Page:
Charles Jones steps down Wednesday night from the Douglas County Commission, but not before he tackles a full lineup of contentious county issues.
Jones, a Democrat whose district is entirely within the city of Lawrence, is resigning effective at midnight tonight. HeÃ¢ÂÂll be sworn back in Jan. 13 to begin serving the four-year term he won in November.
Jones, 50, is taking a month off so that he can enroll in the Kansas Public Employees Retirement Program, or KPERS. When Jones first took office in 1999, Jones declined to enroll, incorrectly calculating that his $16,000 commission salary would drag down the retirement payoff earned during his previous 10 years of work for state agencies.
That miscalculation cost him four years of KPERS participation that would have bolstered his retirement income. Jones figures it will cost him about $5,000 in penalties and lost wages to get those four years back, but the move will pay off by allowing him to add $9,000 a year to his retirement income beginning at age 67.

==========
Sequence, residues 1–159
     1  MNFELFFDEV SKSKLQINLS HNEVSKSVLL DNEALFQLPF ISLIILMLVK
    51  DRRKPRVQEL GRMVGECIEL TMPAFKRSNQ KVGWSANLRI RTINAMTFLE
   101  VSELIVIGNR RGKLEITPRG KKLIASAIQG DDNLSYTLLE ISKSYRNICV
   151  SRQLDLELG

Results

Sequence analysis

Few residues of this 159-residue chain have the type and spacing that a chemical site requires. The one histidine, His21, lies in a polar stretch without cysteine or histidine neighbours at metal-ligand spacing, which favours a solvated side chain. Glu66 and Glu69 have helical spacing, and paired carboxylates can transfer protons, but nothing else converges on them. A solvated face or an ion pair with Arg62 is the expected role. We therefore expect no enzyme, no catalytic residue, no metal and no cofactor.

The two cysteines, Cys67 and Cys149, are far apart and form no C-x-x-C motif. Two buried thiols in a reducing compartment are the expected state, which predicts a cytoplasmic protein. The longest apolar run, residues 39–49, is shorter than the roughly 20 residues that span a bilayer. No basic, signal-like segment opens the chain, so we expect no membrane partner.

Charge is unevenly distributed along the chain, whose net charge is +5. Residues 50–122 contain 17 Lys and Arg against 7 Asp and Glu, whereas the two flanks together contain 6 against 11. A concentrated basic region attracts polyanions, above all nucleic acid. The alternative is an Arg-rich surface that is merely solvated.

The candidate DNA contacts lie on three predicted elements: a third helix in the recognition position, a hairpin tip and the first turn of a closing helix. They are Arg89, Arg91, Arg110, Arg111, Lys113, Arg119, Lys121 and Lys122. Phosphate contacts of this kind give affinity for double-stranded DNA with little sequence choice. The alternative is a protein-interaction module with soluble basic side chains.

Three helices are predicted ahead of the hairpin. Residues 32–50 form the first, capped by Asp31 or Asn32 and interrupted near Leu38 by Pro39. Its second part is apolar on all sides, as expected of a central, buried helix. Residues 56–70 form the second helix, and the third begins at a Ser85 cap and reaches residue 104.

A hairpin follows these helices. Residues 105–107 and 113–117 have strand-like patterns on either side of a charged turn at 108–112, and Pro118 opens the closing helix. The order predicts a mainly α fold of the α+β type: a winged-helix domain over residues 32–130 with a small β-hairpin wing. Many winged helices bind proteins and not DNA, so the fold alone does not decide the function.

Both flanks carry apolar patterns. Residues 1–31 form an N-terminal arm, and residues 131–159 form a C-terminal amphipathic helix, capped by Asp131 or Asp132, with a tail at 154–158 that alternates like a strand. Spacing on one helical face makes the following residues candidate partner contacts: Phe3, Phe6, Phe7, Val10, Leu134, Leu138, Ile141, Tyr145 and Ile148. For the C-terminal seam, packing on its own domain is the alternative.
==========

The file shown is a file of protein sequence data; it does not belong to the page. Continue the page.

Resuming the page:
Before taking his temporary hiatus, Jones and his fellow commissioners will consider several items during tonightÃ¢ÂÂs meeting, set for 6:35 p.m. at the Douglas County Courthouse, 1100 Mass.:
Ã¢ÂÂ¢ Creation of a new ECO2 committee, to push for development of business parks and preservation of open space in the county.
Ã¢ÂÂ¢ Support for nomination to list Black Jack Battlefield, east of Baldwin, to the National Register of Historic Places.
Ã¢ÂÂ¢ A request to provide up to $15,000 to help finance a Heritage Summit next month at the Eldridge Hotel, part of an effort to promote the areaÃ¢ÂÂs history and generate federal grants to help attract tourists.
For updates on this story, see the 10 p.m. 6News report on Sunflower Broadband's cable Channel 6 and pick up a copy of Thursday's Journal-World.
Ã¢ÂÂ¢ A discussion of the countyÃ¢ÂÂs existing fireworks regulations, which permit the sale of fireworks in rural areas July 2-4. Commissioners Bob Johnson and Jere McElhaney have said that they see no reason to change the rules, although Lawrence city commissioners have banned the use of fireworks within the city limits of Lawrence.